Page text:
Wednesday, 24 February 2010

The Invention Of Lying (2009) - Movie Review - 6/10

It's The Best Film You'll Ever See

In a world where lying has never been discovered, one man abruptly discovers he can use this miraculous skill. That's it, really. There's a general plot about getting the girl, some heavy handed religious commentary, and the message that our mere physical appearance does not determine who we are, or control our fate. In essence, that sums up the film.

Okay, hands up, I admit, I've never been a Ricky Gervais (TV's The Office, Night at the Museum, Ghost Town) fan. I never understood what was so funny about The Office, and he's usually been annoying in his various film cameos. However, around the same time last year he released his first Hollywood film, with himself as the star. It wasn't a ground breaking hilarious comedy, but it was far less annoying and obnoxious than it could have been, and was surprisingly under-stated in places. I actually started to warm to Gervais (Or at least the character he played). The film had a general atmosphere that was easy to warm to, and made a change from the usual slapstick of most Hollywood comedies of recent years.

In comparison, The Invention of Lying isn't bad, but it certainly doesn't rise to the level of Ghost Town, which itself was merely a smile inducing romantic comedy. The premise is interesting enough, but you can't help feeling that while the ramifications of lying in such a world are quite well explored, a lot of the associated potential humour is completely missed.

Unfortunately there are two glaring elements that really do not sit well, within the context of the story. Firstly, the mere inability to lie does not mean that people have to blurt out inconvenient truths. Even in our own world, there are people who try not to lie, but that does not always mean they have to volunteer hurtful truths. It could be argued that in a world where lying is impossible, this tendency has become part of human nature, but in the context of the story it often seems merely silly.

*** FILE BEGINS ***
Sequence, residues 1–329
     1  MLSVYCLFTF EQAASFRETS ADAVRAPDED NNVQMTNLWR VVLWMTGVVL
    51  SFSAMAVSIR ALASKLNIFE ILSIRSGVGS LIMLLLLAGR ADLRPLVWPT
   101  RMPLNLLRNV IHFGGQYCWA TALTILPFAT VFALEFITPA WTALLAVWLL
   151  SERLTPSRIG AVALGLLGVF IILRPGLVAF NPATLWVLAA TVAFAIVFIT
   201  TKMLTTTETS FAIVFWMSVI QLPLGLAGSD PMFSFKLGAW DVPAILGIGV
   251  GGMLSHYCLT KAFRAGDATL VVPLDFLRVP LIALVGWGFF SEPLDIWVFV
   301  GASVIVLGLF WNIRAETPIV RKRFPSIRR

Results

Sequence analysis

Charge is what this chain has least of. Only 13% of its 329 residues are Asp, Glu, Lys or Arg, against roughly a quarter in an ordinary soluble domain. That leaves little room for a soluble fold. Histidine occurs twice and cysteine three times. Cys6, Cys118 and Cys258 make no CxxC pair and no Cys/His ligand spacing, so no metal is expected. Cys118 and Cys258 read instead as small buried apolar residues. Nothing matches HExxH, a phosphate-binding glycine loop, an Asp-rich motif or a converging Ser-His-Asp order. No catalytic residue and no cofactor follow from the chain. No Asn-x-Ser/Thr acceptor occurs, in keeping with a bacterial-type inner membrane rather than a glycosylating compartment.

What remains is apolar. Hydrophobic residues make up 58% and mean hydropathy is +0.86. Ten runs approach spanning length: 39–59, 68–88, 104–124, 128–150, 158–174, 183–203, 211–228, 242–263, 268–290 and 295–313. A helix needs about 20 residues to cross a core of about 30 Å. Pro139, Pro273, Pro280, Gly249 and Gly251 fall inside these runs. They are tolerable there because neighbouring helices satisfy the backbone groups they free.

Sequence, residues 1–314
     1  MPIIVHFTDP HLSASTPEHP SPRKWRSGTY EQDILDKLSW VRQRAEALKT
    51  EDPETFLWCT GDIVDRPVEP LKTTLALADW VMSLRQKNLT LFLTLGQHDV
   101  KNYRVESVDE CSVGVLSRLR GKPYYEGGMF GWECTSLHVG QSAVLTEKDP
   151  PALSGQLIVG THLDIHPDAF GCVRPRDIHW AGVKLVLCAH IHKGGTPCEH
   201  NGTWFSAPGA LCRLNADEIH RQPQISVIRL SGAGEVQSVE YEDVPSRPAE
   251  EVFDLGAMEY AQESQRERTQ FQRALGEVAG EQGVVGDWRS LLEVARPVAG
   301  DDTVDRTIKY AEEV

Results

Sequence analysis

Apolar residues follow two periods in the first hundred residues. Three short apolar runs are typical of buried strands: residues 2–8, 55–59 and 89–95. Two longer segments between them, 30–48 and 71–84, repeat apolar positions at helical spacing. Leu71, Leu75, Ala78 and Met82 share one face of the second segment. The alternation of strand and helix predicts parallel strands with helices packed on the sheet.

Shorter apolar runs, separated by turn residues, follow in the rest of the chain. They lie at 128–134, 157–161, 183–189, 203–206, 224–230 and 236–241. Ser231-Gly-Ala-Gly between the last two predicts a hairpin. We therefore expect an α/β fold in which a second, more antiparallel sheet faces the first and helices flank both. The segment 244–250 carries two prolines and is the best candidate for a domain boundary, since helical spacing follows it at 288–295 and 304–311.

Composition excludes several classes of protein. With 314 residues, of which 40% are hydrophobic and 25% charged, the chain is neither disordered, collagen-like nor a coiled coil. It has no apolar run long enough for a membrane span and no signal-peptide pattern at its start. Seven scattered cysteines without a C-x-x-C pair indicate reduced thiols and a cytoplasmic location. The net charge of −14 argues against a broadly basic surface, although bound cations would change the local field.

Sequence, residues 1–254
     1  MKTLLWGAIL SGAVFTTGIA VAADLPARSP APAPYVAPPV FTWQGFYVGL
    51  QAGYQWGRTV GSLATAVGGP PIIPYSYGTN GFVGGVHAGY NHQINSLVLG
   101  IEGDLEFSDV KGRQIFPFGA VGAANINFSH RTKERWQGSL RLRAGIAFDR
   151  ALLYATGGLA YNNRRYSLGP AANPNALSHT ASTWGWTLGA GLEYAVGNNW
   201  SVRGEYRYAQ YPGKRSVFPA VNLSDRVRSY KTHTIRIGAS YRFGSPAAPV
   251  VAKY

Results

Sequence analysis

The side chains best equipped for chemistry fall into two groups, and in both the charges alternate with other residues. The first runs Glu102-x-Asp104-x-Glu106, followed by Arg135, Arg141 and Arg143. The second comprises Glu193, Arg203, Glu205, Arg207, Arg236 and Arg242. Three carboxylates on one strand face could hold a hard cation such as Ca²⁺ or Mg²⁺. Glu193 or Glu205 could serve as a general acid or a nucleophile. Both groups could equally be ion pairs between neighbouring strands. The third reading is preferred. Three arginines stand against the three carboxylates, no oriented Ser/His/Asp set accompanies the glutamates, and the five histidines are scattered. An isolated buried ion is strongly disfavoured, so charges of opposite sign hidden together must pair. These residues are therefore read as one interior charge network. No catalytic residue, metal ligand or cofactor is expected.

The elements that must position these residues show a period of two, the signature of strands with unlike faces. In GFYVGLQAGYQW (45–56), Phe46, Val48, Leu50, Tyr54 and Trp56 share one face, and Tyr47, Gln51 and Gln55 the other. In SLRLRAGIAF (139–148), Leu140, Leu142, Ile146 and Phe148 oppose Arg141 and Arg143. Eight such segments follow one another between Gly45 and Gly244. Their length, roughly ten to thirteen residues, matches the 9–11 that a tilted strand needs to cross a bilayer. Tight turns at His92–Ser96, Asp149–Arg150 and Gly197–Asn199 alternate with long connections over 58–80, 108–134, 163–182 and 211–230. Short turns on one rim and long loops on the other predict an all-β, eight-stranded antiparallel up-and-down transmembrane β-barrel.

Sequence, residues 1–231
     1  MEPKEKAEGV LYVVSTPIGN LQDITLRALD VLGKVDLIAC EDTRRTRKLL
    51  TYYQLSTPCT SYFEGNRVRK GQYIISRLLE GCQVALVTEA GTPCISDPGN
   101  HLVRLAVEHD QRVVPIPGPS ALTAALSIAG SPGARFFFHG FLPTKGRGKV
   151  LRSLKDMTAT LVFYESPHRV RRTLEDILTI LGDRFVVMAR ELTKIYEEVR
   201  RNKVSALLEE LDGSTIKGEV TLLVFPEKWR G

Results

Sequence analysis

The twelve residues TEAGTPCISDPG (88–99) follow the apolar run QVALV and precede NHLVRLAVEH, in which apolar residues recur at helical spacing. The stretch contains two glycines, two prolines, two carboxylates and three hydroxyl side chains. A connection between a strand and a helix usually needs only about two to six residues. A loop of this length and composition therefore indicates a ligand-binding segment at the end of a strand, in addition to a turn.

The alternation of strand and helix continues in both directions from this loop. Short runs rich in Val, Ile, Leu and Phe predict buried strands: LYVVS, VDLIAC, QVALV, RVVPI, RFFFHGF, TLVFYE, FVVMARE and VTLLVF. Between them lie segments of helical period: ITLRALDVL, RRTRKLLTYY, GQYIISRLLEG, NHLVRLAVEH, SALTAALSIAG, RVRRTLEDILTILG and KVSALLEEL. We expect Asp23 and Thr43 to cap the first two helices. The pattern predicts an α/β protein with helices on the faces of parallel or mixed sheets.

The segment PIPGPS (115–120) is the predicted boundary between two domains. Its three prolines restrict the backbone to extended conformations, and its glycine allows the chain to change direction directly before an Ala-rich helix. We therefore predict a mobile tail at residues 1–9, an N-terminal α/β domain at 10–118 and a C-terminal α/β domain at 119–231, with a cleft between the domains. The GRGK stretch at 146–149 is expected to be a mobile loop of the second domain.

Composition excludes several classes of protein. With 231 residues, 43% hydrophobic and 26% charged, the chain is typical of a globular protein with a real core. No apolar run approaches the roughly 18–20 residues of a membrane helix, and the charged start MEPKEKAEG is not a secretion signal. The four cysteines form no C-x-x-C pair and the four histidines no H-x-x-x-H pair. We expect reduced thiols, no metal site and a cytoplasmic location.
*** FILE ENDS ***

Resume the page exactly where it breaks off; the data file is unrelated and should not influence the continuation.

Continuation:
Secondly, why does the simple fact of a world without lying, mean that people only feel they can be partnered with those of equal physical appearance? Wealth, power, money, personality, decency, what-have-you, would surely all be of equal lure to potential mates, as they ever are. If an individual genuinely falls in love with another who is powerful, successful and uniquely skilled, why would they choose another who they do not like, simply because of physical superiority? It doesn't make logical sense that a world without lying must necessitate a desire for genetic purity. All it implies, is that the character is shockingly shallow, and therefore undeserving of our sympathy or care. As a result of these two factors, the film often doesn't quite seem to gel.

On the acting front, Gervais is still less annoying and obnoxious than his Office persona, but only just. He starts to yet again overdo his 'half-finished-sarcastic-sentence' form of acting. Jennifer Garner (TV's Alias, 13 going on 30, Ghosts of Girlfriends Past) is the romantic lead, and as lifeless as ever. She plays her role with pedestrian style, always doing the job, but never becoming likeable or interesting.

I didn't hate The Invention of Lying. It is still pleasant to see a Hollywood-backed comedy that doesn't rely on slapstick, and doesn't shove every 'funny' moment in your face. Having said that, The Invention of Lying is simply an amusing enough viewing experience and nothing more. An interesting idea, largely undeveloped.

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